Brexit talks ‘going backwards more than forwards’ – Barnier

Following the latest round of talks between the EU and the UK this week, the EU’s chief Brexit negotiator Michel Barnier has said that “too often, it felt as if we were going backwards more than forwards”.

In July, Barnier said that a trade deal with the UK seemed “unlikely” and he has now reiterated this a month later.

He added that he is “concerned” this week, particularly about fisheries and a level playing field, following the latest negotiations.

“At this stage, an agreement between the UK and the EU seems unlikely. I simply do not understand why we are wasting valuable time,” he said.

“The need for a level playing field is not going to go away – it’s about finding agreement between sovereign parties on the rules that will govern future trade.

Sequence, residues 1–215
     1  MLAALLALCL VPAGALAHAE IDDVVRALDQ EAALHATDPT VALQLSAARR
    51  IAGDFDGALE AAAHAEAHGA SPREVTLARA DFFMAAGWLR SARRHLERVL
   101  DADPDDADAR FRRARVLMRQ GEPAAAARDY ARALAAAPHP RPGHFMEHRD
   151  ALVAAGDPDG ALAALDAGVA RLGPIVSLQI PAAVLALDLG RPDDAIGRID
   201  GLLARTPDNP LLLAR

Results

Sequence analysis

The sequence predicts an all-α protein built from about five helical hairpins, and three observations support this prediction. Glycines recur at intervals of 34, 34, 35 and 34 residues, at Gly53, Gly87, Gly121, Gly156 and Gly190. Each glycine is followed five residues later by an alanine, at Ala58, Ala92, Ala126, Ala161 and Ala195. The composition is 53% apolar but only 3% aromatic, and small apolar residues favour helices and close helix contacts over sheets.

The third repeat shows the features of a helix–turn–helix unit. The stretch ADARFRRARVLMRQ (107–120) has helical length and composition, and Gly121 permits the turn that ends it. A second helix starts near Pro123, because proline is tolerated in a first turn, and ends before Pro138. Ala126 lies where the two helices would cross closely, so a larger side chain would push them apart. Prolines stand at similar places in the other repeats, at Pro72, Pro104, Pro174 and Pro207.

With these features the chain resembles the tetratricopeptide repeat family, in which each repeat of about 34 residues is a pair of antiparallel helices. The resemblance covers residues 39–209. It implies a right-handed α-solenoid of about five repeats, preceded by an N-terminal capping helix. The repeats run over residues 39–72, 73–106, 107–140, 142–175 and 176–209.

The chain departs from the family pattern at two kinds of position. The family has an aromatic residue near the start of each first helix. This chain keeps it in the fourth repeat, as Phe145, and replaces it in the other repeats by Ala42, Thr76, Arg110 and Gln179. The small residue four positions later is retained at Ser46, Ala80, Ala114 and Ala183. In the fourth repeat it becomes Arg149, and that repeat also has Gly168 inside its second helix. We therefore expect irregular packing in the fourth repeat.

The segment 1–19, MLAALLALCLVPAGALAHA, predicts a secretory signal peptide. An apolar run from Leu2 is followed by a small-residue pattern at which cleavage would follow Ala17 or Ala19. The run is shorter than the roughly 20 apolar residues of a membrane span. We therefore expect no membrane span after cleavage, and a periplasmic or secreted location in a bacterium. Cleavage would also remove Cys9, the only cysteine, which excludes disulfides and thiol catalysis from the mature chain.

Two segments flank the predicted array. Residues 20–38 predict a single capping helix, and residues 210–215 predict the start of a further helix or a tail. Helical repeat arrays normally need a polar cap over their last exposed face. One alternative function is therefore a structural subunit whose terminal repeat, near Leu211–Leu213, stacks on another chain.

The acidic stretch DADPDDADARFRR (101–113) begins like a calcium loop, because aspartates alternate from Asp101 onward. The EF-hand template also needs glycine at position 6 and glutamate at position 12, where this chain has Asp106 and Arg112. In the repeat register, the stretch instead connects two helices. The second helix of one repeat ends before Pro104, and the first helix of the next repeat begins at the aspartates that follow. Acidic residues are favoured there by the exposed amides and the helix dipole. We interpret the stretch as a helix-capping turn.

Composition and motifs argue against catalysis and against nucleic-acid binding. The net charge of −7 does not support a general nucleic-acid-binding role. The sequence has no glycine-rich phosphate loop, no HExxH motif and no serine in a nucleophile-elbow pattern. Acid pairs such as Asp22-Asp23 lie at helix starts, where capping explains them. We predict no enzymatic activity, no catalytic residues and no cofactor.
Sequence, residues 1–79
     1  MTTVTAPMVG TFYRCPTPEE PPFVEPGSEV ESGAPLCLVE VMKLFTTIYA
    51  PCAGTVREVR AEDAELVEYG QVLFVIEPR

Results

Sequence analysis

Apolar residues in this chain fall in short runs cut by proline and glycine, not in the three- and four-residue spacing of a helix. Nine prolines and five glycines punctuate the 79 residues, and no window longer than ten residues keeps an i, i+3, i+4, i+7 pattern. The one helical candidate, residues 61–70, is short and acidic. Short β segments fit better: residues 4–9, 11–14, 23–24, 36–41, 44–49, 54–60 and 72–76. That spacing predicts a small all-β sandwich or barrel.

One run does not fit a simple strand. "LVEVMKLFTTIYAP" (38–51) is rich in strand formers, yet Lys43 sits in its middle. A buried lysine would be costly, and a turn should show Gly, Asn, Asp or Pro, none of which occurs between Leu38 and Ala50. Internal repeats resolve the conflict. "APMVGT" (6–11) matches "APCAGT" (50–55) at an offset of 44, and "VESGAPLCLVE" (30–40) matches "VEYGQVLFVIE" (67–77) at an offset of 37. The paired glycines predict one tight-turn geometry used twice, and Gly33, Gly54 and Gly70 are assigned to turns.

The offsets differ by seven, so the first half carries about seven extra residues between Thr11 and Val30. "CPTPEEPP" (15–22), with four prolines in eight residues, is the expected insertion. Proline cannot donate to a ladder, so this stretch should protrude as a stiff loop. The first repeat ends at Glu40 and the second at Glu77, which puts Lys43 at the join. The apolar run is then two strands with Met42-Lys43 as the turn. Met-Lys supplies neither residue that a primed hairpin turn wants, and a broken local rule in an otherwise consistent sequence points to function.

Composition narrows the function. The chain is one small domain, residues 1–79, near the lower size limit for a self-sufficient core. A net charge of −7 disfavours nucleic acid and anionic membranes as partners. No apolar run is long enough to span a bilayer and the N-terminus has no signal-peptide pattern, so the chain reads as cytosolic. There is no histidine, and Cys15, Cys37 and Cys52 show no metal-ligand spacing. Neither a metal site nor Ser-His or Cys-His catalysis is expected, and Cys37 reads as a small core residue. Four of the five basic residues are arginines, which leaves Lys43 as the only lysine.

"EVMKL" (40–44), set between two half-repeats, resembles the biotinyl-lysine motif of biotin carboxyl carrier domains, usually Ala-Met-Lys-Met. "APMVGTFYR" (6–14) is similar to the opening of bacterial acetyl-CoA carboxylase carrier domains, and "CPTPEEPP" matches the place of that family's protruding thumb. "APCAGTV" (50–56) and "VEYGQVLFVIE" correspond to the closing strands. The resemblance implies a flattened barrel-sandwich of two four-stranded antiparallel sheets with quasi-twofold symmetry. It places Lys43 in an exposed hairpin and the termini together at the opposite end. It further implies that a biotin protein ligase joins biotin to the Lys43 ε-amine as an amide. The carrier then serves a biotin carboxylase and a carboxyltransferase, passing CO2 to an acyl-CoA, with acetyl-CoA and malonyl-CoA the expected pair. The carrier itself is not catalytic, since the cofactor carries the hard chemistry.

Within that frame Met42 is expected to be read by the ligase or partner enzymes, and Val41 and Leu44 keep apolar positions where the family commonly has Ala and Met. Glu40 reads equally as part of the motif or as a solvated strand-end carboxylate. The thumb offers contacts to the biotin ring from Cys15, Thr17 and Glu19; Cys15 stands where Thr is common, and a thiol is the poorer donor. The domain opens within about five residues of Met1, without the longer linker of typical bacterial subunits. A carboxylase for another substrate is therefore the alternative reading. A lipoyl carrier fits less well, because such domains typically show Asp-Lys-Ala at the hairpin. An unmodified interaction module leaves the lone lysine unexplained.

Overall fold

We are asking for nothing more, but nothing less, than what Prime Minister Boris Johnson committed to in our joint Political Declaration last October, together with the 27 EU leaders.

“No international agreement was ever reached without the parties agreeing to common rules.

“And, I can predict with absolute certainty, this will also be the case of trade agreements between the UK and other partners in the future.”

Apart from the question of a level playing field, there are still “many other areas where progress is needed” according to the EU, including: fisheries; governance; law enforcement; and mobility and social security coordination.

Barnier added that while there was some progress made on energy cooperation among other issues, it “too often felt as if we were going backwards more than forwards”.

He concluded: “Given the short time left, what I said in London in July remains true – at this stage, an agreement between the UK and the EU seems unlikely.

“I simply do not understand why we are wasting valuable time.”

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